With a decision having been pending for a year and a half, and with almost two years having passed since the government's publication of the investment program for the port sector, the Federal Audit Court (TCU) has finally given the go ahead to the first bidding round for the lease of terminals in public ports. Following this decision, it is expected that the first call to bid will now be republished within 60 days.
The TCU had been analyzing the studies presented by the government for lease of the 29 public terminal areas (those located within the organized port area) in the ports of Santos (SP), Belém (PA), Santarém (PA), Vila do Conde (PA), Outeiro (PA) and Miramar (PA) since October 2013. It is expected that investment will reach R$ 4.7 billion.
Amongst other resolutions, the TCU has allowed the government the freedom to establish the tariff policy it deems appropriate to each case as long as the decision is technically and economically justified. As such, the door is open for adoption of different regulatory models; from a regulated tariff (chosen from amongst different methodologies, including the maximum tariff that would be subject to periodic review) to a system that would be closer to that of free pricing. In practice, the government can make use of the originally intended judging criteria – the lowest tariff or greatest capacity of cargo transported with a negotiated price – or even consider charging exactions (regarded as being the most appropriate to the country's current economic situation).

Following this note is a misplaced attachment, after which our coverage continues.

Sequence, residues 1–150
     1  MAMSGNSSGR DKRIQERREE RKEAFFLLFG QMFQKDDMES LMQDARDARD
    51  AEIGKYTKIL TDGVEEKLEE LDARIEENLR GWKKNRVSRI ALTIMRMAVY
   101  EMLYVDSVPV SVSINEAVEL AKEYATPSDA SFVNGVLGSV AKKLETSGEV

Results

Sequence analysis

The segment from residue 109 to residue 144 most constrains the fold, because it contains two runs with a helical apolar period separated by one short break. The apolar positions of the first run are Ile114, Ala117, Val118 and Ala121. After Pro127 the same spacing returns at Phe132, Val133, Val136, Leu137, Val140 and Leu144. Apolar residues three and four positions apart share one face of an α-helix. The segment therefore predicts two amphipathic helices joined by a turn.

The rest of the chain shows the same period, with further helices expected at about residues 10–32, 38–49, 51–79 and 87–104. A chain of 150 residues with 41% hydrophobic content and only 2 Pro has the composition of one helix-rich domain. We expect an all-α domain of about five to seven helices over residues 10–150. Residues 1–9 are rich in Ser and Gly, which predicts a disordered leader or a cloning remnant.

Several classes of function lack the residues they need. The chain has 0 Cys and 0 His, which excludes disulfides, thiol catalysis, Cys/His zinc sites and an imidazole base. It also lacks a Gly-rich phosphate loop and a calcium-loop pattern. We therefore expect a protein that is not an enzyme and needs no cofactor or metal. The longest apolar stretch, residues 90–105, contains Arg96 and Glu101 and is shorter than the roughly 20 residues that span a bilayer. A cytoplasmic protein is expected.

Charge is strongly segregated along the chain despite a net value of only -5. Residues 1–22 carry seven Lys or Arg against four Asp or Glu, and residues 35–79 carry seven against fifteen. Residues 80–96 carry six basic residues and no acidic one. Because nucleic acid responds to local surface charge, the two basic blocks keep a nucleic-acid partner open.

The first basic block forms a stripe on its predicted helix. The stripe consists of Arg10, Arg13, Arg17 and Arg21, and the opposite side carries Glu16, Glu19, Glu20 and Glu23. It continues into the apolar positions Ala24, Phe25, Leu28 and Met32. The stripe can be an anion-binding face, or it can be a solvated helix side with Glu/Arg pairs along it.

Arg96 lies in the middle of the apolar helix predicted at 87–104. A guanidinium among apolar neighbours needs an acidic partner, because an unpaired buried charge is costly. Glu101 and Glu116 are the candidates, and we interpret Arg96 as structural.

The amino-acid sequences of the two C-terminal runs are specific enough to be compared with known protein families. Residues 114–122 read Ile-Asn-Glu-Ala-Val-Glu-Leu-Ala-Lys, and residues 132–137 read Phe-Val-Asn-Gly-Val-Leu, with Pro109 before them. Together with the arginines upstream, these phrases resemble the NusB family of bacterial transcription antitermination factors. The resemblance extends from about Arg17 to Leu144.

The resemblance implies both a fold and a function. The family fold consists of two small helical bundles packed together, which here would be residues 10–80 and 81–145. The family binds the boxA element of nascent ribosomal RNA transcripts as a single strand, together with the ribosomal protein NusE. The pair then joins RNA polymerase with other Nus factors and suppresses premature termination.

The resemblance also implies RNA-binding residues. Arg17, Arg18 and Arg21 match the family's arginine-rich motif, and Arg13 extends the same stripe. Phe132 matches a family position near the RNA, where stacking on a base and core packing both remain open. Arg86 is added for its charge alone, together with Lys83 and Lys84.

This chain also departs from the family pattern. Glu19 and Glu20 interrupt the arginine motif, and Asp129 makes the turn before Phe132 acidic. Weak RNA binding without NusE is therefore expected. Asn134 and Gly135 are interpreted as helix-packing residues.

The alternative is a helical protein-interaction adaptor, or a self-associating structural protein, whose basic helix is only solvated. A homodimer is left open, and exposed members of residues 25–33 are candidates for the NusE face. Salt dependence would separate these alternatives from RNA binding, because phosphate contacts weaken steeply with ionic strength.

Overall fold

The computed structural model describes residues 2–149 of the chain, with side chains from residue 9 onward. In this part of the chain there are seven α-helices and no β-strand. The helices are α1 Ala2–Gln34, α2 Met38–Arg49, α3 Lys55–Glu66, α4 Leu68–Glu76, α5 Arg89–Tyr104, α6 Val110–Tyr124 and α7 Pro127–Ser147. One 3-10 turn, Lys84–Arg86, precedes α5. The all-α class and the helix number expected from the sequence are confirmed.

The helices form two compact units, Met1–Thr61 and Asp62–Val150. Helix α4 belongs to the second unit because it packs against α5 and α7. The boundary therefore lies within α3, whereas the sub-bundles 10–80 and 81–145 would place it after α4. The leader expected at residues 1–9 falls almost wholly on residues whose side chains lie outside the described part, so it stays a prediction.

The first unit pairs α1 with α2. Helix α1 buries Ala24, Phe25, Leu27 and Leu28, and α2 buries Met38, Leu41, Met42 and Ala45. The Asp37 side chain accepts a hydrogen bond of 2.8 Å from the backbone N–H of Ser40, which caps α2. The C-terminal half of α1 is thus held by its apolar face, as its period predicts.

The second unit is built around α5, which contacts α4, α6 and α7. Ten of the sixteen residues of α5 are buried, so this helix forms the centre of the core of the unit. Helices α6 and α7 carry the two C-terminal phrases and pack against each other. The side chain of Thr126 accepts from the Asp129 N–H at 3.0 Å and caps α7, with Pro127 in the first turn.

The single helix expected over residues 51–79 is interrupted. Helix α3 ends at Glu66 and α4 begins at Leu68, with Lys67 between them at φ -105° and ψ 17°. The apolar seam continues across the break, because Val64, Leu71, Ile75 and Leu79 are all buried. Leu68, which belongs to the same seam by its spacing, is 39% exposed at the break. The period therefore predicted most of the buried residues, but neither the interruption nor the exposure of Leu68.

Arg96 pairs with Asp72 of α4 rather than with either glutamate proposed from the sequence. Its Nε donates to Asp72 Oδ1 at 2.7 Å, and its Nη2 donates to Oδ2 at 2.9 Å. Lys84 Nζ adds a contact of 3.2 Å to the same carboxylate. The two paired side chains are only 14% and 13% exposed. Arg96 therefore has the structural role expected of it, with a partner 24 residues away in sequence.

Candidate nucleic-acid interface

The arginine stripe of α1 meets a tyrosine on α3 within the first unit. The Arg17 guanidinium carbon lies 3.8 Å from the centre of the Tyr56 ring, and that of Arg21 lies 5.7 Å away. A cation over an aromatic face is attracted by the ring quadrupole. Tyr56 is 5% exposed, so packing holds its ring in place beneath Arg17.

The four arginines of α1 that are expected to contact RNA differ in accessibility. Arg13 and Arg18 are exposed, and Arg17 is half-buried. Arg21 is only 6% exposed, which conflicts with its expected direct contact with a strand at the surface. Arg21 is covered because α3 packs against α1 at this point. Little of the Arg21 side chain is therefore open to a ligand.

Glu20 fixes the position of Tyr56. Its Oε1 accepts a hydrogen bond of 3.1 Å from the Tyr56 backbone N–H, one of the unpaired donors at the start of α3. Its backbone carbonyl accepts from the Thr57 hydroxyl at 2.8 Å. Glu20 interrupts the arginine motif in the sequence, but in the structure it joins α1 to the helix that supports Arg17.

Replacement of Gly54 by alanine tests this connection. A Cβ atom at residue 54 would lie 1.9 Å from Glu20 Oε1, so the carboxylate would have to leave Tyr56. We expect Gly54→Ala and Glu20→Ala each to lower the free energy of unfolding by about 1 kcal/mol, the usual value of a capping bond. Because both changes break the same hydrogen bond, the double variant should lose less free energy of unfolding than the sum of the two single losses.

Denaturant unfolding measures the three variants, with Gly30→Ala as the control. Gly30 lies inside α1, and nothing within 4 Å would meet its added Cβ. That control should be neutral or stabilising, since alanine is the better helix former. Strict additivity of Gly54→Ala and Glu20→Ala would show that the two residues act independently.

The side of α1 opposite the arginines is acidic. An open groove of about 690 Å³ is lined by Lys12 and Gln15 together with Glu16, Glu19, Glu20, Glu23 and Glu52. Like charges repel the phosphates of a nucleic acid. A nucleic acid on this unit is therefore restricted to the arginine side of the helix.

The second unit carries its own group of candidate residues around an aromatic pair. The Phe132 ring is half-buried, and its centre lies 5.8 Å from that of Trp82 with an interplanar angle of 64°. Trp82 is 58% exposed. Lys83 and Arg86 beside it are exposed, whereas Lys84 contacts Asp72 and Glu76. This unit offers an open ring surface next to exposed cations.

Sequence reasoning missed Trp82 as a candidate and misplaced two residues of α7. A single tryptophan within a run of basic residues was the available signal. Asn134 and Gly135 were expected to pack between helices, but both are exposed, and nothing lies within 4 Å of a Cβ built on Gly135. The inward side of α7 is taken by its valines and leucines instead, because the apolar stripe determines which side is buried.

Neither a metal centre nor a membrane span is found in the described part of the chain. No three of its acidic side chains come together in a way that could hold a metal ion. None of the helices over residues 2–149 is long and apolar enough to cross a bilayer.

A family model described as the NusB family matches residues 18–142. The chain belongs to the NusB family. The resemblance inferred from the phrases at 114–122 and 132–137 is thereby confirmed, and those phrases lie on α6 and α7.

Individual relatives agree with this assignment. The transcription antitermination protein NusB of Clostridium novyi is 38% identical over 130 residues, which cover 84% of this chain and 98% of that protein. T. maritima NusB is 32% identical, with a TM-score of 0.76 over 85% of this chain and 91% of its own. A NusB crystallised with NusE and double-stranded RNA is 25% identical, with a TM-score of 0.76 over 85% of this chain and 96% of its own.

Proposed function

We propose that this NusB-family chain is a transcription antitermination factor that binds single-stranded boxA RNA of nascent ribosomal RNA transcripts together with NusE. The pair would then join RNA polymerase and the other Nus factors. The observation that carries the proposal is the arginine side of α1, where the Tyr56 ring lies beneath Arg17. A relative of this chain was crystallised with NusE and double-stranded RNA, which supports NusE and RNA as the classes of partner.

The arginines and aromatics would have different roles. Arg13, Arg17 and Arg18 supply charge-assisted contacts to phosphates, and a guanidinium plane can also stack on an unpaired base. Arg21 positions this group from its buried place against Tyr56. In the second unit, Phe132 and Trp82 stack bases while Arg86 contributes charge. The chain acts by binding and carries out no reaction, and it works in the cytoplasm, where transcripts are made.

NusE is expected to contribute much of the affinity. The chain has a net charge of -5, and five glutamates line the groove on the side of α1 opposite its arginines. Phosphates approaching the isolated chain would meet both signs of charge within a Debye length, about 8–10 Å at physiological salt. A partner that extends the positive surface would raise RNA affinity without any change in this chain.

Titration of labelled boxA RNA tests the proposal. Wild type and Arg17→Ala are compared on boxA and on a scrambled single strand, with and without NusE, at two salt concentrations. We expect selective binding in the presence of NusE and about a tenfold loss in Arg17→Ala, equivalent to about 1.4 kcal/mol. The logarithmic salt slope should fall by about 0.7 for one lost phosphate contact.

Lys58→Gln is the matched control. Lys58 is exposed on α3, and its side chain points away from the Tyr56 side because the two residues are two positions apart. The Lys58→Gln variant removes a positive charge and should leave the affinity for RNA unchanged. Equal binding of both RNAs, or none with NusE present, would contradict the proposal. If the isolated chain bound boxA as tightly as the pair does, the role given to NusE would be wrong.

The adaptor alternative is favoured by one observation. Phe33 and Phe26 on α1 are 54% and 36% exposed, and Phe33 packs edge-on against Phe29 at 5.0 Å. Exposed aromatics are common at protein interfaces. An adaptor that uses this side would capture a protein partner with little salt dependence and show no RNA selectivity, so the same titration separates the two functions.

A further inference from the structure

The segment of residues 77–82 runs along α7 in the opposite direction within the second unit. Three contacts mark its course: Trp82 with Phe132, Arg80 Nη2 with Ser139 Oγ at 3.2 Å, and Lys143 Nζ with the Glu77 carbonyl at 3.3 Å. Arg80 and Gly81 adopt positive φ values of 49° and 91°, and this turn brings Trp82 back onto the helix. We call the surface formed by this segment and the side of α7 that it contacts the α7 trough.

This new step forward by the TCU has taken place at a moment when the Government is demonstrating its intention to reintroduce infrastructure concessions. In the ports sector, beyond the leasing of port terminals, the Government plans to grant the private sector with licenses for dredging in the channels that provide access to Brazil's ports. The model to be adopted remains open, but one may not dismiss that such model will considerably reduce the current scope of action of the 'Companhias de Docas' ('Docking Companies', which are state-owned corporations incumbent upon the management of public ports).
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